• ICE penalties from worksite enforcement inspections increased to $5,300,000 in fiscal year 2010, up from $1,033,291 in fiscal year 2009.
• ICE criminally charged a record-breaking 180 owners, employers, managers and/or supervisors in fiscal year 2010, up from 135 in fiscal year 2008 and 114 in fiscal year 2009.
• ICE conducted more than 2,200 I-9 audits in fiscal year 2010, up from more than 1,400 in fiscal year 2009.
• ICE debarred 97 business and 49 individuals in fiscal year 2010, up from 30 and 53, respectively, in fiscal year 2009.
“ICE is focused on finding and penalizing employers who believe they can unfairly get ahead by cultivating illegal workplaces,” said ICE Assistant Secretary John Morton in November 2009. “We are increasing criminal and civil enforcement of immigration-related employment laws and imposing smart, tough employer sanctions to even the playing field for employers who play by the rules.” Every employer should be prepared for the time when the feds may come knocking on the door.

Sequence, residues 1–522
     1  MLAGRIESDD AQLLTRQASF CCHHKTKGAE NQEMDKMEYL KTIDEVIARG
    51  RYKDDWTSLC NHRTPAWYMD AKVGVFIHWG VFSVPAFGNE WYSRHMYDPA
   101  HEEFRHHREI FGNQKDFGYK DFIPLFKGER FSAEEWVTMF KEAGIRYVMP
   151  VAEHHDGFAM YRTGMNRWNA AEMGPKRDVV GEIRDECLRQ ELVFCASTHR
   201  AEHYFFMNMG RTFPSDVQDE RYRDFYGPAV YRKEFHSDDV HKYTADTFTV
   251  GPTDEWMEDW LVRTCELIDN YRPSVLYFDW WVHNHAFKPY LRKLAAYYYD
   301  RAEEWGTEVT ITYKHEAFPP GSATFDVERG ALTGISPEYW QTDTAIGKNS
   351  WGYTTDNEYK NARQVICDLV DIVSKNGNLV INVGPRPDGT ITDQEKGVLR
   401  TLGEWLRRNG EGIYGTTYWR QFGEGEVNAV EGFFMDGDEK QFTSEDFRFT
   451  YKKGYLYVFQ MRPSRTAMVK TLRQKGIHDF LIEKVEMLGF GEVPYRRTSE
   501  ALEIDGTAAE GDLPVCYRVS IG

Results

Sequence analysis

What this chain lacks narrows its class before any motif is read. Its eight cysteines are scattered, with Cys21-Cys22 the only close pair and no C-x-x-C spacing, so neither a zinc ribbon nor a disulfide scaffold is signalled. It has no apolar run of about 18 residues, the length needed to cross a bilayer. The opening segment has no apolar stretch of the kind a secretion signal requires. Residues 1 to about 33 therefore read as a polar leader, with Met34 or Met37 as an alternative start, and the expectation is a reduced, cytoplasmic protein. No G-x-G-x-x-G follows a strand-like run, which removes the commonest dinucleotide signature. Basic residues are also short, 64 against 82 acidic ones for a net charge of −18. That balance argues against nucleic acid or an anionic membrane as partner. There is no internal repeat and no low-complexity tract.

What to Do NowMore than ever, it is important for companies to ensure that all of the i’s are dotted and t’s are crossed when it comes to employee paperwork. By law, all employers are required “to verify the identity and employment eligibility of all individuals hired in the United States,” according to ICE. This is done through the Employment Eligibility Verification Form I-9, and ICE has identified form I-9 audits as its most important administrative tool in building criminal cases and bringing employers into compliance with the law.
On the five-page form, employers must examine employment eligibility and identity documents that an employee presents in order to determine whether they “reasonably appear to be genuine,” then record the document information on the Form I-9. The form requires employers to testify under the threat of perjury that to the best of their knowledge, the employees are authorized to work in the United States.